At the EdFly Blog today, former Orlando Sentinel columnist Mike Thomas asks a reasonable question: Why isn’t the Florida teachers union trumpeting the dramatic gains of Florida teachers? This morning’s Education Week ranking is just the latest in a long string of credible reports that finds Florida making steady academic progress. Shouldn’t Florida teachers, doing more with less and under enormous pressure to produce results, get credit from those who portray themselves as their biggest supporters? Here’s Thomas:
Florida scored another impressive victory with the state finishing sixth in the Education Week “Quality Counts’’ rankings.
This follows news from last month that Florida fourth graders finished second in the world on international reading assessments. In October, Miami-Dade won the prestigious Broad Prize for urban school districts because of progress in closing the achievement gap. Florida kids ranked second in the nation in learning gains dating back to the 1990s. I could go on.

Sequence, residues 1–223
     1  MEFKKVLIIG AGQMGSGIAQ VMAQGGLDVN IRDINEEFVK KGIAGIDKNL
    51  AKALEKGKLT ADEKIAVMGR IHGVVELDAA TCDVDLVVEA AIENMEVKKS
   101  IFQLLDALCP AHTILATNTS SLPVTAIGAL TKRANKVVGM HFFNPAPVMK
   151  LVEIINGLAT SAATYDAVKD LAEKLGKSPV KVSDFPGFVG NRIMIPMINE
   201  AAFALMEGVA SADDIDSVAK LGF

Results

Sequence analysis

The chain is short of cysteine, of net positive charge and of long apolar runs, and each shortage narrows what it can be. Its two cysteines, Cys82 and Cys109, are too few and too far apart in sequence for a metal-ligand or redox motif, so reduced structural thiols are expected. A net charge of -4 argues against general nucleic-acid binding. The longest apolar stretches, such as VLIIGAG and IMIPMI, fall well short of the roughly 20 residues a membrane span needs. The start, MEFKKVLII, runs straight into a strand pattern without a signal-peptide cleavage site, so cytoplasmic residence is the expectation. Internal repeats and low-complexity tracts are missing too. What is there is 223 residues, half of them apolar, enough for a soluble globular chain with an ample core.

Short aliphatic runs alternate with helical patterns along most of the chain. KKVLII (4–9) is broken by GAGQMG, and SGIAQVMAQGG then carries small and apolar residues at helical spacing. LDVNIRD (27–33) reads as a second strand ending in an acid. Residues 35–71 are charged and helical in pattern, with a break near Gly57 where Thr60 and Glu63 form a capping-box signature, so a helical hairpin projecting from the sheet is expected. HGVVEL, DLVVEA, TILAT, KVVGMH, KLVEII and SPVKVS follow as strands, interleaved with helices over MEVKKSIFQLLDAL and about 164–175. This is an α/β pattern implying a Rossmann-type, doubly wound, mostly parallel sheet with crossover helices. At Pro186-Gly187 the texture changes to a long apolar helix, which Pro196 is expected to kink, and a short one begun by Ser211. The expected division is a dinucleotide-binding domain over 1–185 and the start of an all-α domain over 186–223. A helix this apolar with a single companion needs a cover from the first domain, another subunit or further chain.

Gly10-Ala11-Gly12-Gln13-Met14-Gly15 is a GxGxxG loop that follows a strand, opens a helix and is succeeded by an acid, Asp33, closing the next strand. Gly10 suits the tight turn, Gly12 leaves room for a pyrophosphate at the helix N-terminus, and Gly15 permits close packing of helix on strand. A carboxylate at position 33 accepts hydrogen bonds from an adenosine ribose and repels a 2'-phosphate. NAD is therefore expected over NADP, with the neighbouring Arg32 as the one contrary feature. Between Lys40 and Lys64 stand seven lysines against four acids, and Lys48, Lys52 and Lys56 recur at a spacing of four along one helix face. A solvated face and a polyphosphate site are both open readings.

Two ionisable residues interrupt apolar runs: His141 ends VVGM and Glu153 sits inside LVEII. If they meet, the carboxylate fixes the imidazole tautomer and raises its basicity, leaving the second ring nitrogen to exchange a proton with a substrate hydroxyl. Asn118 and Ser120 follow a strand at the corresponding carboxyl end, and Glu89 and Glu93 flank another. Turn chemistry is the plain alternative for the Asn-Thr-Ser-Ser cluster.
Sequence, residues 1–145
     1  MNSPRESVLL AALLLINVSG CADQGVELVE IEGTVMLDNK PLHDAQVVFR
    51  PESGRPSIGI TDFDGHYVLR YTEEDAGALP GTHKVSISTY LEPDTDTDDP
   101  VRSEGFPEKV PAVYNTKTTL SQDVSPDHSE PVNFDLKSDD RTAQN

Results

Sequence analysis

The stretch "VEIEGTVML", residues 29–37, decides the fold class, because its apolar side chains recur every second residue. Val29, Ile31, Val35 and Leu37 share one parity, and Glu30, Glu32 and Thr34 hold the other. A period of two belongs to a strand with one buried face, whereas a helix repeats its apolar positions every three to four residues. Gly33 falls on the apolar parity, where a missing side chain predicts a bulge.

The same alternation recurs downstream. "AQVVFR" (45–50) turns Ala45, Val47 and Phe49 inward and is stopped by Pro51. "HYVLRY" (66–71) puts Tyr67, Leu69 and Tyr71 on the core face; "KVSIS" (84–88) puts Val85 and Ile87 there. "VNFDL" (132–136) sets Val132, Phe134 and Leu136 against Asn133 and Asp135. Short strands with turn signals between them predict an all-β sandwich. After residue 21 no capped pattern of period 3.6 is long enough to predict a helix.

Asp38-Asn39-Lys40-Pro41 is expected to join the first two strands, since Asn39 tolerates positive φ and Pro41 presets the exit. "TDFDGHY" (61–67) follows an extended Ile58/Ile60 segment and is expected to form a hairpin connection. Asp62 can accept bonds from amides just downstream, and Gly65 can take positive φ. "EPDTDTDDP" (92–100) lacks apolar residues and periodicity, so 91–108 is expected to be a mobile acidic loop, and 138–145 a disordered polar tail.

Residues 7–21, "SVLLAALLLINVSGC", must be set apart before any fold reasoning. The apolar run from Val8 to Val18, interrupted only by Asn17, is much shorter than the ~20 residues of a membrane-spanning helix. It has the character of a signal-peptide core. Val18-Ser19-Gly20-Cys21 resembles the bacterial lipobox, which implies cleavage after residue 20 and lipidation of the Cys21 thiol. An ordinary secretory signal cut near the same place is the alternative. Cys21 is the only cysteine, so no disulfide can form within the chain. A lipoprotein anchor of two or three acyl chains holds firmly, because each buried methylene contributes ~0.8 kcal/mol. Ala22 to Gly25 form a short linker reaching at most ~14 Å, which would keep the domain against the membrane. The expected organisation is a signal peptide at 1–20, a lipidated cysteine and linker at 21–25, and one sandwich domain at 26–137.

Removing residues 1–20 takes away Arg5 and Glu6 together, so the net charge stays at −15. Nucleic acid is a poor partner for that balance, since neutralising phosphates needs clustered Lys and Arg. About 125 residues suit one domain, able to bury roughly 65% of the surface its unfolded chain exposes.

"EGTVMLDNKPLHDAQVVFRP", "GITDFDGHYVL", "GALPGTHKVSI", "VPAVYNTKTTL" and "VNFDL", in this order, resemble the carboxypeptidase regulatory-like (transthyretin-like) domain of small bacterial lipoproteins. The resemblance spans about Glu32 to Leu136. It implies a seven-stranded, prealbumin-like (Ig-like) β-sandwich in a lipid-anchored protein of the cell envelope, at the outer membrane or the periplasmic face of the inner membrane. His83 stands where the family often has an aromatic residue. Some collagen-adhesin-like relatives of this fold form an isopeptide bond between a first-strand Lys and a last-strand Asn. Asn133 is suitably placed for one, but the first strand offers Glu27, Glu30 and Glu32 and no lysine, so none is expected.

Alas, Florida’s good news is not celebrated by all, even by its own teachers’ union. The Florida Education Association has been silent on all of the above, even though its teachers are on the front lines of these successes. Repentant reformer Diane Ravitch actually compared student achievement in Florida and Massachusetts. Of course Massachusetts kids perform better. Look at the student demographic and income data, Diane. Are you serious?
The reason for this denial is that Florida did not achieve its success by acceptable means. By that, I mean if the state had achieved these results by tripling education spending and eliminating its accountability provisions and school choice options, the above victories would have been trumpeted from the rooftops by the FEA and Diane as well.
Continue reading Thomas’ post here.